Dealing with reporters is not a skill innate to any of us. It takes time, experience, and lots of practice to become a go-to media interview subject.
If you are already an experienced hand when it comes to reporter relationships, today’s advice serves as a reminder of some of the highlights to keep in mind. If you are just beginning your spokesperson journey, these pointers will help get you centered.
The first set of tips appears today. The second half will follow later this week. Let’s get started:
- Build your magnetic message on four solid points. Like the legs of a chair, each of your main points needs to be strong. Watch out if it’s not, for you’ll find yourself sprawled awkwardly on the floor when your “message chair” collapses under questioning.
- Anticipate and prepare for routine questions. There are few things worse than that deer in the headlights look when confronted with a question to which you should know the answer.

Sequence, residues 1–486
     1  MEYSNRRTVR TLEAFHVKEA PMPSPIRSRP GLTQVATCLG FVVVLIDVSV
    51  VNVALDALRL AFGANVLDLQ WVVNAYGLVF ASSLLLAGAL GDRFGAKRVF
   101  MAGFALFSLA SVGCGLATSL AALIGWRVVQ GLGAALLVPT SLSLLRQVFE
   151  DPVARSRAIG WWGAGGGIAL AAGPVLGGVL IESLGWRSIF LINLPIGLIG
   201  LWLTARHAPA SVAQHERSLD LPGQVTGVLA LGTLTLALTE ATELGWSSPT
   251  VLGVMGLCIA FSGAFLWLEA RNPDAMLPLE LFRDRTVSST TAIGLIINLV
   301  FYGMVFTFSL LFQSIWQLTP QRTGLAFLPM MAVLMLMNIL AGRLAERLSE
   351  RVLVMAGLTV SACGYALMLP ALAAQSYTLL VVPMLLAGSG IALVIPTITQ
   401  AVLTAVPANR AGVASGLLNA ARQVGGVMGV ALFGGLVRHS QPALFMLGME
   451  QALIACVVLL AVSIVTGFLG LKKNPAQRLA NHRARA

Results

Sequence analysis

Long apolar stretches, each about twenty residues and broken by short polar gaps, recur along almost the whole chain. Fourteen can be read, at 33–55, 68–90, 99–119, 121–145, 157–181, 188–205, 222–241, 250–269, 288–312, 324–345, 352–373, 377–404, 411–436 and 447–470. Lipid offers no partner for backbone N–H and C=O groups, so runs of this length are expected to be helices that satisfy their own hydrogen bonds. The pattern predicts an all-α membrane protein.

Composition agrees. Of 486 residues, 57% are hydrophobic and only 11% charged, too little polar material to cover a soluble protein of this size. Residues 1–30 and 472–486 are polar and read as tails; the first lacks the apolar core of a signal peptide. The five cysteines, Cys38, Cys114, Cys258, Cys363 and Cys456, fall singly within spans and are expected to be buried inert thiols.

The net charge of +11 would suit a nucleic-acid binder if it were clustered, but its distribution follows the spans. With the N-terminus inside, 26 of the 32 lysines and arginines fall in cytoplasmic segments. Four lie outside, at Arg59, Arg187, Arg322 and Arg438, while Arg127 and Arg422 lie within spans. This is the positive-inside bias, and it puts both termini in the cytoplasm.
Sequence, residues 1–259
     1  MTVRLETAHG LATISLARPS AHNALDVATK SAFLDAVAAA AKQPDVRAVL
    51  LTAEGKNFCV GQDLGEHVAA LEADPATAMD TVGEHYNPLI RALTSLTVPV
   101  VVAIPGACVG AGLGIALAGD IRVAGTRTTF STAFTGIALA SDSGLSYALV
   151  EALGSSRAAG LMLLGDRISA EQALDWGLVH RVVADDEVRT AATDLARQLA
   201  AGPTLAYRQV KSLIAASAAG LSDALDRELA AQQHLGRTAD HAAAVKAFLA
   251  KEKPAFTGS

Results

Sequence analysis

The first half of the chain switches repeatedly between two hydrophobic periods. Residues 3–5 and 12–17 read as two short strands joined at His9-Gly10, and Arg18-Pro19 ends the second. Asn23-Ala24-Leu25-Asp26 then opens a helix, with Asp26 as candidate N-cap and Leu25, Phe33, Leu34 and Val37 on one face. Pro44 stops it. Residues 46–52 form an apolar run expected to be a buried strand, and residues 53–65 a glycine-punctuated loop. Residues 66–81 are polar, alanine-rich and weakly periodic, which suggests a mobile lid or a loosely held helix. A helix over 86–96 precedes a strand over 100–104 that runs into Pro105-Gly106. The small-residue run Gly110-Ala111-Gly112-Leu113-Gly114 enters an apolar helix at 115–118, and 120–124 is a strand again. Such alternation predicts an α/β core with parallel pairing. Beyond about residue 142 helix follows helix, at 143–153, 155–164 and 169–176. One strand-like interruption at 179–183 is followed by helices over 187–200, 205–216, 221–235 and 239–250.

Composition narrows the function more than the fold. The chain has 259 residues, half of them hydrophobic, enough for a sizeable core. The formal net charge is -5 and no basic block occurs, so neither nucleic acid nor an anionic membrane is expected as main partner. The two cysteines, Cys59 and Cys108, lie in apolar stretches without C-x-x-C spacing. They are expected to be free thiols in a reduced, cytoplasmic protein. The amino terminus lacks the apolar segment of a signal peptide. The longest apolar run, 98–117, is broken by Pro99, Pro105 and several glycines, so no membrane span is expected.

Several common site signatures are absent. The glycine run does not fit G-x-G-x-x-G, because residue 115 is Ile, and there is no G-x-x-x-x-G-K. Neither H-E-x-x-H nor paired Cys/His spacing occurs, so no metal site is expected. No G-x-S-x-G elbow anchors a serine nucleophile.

- Think in terms of your desired headline first. Reporters’ brains work different from most people’s (as an ex-reporter, I can get away with saying this). They want you to cut right to the chase, so offer up your headline first.
- Stage mock interviews to prepare for the real thing. I cannot emphasize strongly enough the importance of practice. Have your communications team and your communications training consultant put you through some no-holds-barred preparation.
- Insist upon media training for all of your spokespeople. Please work with an expert who focuses on communications training. A public relations generalist just doesn’t have the wherewithal to get the job done.
Any guesses as to the five tips to come later this week? The first three folks to guess even one of them correctly before they are posted to The Media Training Blog score a copy of my book, The Truth About Public Speaking: The Three Keys to Great Presentations.